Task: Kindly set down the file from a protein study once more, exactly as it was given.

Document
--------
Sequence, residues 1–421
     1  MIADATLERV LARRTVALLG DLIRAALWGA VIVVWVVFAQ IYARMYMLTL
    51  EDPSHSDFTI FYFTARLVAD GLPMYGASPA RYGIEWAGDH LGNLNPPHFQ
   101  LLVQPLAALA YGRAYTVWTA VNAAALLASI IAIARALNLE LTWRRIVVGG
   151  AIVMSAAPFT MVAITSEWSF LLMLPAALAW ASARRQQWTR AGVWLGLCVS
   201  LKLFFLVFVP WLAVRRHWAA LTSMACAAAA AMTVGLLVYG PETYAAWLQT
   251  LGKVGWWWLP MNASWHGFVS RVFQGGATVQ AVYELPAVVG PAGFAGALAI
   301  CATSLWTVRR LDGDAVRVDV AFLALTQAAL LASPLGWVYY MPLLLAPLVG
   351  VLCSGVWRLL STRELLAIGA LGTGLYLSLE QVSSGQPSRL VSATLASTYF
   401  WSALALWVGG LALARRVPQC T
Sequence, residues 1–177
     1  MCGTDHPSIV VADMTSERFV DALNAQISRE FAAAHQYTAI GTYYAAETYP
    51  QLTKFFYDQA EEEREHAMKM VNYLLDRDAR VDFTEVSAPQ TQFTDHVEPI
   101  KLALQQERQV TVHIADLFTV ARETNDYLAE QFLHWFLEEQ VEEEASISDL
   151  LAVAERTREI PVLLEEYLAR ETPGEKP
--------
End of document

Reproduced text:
Sequence, residues 1–421
     1  MIADATLERV LARRTVALLG DLIRAALWGA VIVVWVVFAQ IYARMYMLTL
    51  EDPSHSDFTI FYFTARLVAD GLPMYGASPA RYGIEWAGDH LGNLNPPHFQ
   101  LLVQPLAALA YGRAYTVWTA VNAAALLASI IAIARALNLE LTWRRIVVGG
   151  AIVMSAAPFT MVAITSEWSF LLMLPAALAW ASARRQQWTR AGVWLGLCVS
   201  LKLFFLVFVP WLAVRRHWAA LTSMACAAAA AMTVGLLVYG PETYAAWLQT
   251  LGKVGWWWLP MNASWHGFVS RVFQGGATVQ AVYELPAVVG PAGFAGALAI
   301  CATSLWTVRR LDGDAVRVDV AFLALTQAAL LASPLGWVYY MPLLLAPLVG
   351  VLCSGVWRLL STRELLAIGA LGTGLYLSLE QVSSGQPSRL VSATLASTYF
   401  WSALALWVGG LALARRVPQC T
Sequence, residues 1–177
     1  MCGTDHPSIV VADMTSERFV DALNAQISRE FAAAHQYTAI GTYYAAETYP
    51  QLTKFFYDQA EEEREHAMKM VNYLLDRDAR VDFTEVSAPQ TQFTDHVEPI
   101  KLALQQERQV TVHIADLFTV ARETNDYLAE QFLHWFLEEQ VEEEASISDL
   151  LAVAERTREI PVLLEEYLAR ETPGEKP